Jdigital to argue for a constitutional probe of Spain’s blanket ban on gambling advertising  

Spanish online gambling trade association Jdigital has reported positive developments on its joint appeal against the Royal Decree on Advertising which imposed a federal ban on gambling advertising across Spain’s 17 autonomous communities. 

Last week, Spain’s Supreme Court informed stakeholders that Jdigital’s appeal, sanctioned with Spanish media counterpart AMI, could be put forward for a Constitutional Review.

Back in January 2021, Jdigital and AMI made their appeal against the Royal Decree, in which they argued that blanket ban restrictions had been authorised in a ‘disproportionate manner’ by Spain’s Ministry of Consumer Affairs.

Of significance, the trade bodies outlined that the Decree’s blanket ban restrictions required constitutional approval to be imposed across autonomous provinces, clearance that the Ministry of Consumer Affairs had not obtained.

As such, Jdigital and AMI argued that a number of Decree restrictions had infringed upon “Article 53 of the Spanish Constitution regarding the guarantees of fundamental rights and freedoms”.

Jdigital notified SBCNews that the Supreme Court “has summoned parties to make allegations on the possible filing of a question of unconstitutionality before the Constitutional Court”.

Beyond constitutional boundaries,  Jdigital and AMI had appealed against the Decree, outlining that it was an ‘ineffective solution’ imposed federally on autonomous communities.

The trade bodies rallied against the Ministry of Consumer Affairs’ judgement that the Decree was needed as a social safeguard to protect vulnerable consumers and younger audiences.

Applied federally since November 2021, the Decree has forced Spanish media incumbents to obey a one-to-five am window for the broadcasting of gambling adverts.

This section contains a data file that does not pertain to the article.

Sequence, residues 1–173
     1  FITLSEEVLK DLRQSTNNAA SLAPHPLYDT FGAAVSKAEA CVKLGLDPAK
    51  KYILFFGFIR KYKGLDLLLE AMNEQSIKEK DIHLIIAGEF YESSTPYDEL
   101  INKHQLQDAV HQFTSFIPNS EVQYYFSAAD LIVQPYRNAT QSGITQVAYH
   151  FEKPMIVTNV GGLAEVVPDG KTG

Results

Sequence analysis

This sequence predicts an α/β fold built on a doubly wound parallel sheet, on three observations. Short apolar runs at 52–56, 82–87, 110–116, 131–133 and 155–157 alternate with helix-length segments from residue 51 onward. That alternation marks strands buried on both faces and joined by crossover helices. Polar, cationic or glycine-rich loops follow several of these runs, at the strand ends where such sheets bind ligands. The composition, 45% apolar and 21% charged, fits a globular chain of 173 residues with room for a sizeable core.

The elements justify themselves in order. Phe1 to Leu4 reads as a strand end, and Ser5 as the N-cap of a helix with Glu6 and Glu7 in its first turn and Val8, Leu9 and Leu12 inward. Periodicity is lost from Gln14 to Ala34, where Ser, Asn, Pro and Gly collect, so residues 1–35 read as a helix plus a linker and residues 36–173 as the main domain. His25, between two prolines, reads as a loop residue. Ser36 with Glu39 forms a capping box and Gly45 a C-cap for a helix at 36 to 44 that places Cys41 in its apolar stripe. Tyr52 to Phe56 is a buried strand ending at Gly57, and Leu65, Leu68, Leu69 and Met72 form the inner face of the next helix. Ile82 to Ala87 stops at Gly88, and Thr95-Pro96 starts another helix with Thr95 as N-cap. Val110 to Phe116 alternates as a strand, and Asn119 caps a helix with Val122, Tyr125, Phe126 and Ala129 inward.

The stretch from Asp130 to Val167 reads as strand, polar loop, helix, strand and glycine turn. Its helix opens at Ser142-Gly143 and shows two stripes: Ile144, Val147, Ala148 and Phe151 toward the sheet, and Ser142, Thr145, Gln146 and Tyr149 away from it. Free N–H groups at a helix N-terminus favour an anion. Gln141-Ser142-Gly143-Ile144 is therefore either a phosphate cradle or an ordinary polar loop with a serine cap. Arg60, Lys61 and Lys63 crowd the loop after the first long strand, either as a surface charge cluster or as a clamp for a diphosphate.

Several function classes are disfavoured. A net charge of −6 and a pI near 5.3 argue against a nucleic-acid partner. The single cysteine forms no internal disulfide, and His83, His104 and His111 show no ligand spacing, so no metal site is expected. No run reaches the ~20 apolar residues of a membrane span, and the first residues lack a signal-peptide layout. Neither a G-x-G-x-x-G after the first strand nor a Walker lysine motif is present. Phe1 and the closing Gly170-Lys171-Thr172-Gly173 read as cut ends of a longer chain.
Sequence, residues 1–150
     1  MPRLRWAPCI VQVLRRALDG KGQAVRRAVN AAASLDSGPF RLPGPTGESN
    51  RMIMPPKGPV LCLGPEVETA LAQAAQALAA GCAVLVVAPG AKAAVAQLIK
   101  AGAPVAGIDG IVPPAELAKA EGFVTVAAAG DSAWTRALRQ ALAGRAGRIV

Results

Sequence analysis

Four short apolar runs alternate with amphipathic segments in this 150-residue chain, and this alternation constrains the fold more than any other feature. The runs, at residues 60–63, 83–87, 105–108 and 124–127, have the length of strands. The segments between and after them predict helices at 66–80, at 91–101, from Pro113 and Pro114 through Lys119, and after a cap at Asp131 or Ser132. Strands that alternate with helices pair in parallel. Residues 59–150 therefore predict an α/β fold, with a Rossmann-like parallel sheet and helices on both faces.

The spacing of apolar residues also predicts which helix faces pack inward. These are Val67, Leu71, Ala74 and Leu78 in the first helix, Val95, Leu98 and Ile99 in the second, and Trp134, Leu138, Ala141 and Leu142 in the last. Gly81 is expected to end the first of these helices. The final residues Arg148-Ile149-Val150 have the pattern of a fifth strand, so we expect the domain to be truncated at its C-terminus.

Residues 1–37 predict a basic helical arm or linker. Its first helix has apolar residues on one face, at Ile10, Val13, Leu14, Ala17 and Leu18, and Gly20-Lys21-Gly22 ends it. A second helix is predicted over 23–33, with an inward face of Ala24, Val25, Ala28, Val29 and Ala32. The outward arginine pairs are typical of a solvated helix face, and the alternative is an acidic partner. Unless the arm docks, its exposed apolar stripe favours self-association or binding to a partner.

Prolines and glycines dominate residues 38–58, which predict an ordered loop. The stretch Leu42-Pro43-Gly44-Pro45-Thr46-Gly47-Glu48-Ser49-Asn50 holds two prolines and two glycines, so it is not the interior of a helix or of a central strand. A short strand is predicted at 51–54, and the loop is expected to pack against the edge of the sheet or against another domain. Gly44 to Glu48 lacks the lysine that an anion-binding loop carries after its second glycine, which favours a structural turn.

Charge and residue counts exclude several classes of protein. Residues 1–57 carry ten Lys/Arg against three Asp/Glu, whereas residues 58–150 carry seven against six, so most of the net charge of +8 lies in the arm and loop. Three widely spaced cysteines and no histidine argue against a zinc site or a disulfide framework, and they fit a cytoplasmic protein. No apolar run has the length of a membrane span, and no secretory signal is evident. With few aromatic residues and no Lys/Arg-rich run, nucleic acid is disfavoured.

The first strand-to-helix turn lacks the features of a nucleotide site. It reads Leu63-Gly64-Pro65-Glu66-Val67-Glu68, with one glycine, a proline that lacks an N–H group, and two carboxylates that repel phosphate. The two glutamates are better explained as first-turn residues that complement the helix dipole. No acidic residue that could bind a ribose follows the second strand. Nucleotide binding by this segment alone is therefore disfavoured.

Further headline measures saw the Ministry of Consumer Affairs impose a blanket ban on gambling sponsorships across all sports, except for those promoting state-owned lottery partnerships.

Prior to the Decree being adopted, Jdigital’s trade body members representing 80% of Spain’s online gambling market had agreed to comply with a new code of responsibilities, significantly reducing advertising exposure across all mediums.

Observing developments, Jdigital told SBC: “We positively value the decision of the Supreme Court that reinforces the position that the association has been holding since the approval of the Royal Decree on Gambling Advertising: such regulation could be an overreach of the Ministry of Consumer Affairs

“At this point, and while still pending the final decision of the Supreme Court -and, if applicable, the Constitutional Court-, Jdigital reaffirms the need to maintain an open and transparent dialogue between the gaming ecosystem in Spain and the regulator in order to promote fair and proportionate regulations.

“From Jdigital we hope that, similarly to what the Supreme Court has outlined, the freedom of enterprise recognized by Article 38 of the Constitution will return to the centre of open debates and this will result in effective rules to protect consumers and users and be fully compatible with a responsible and safe gaming market.”

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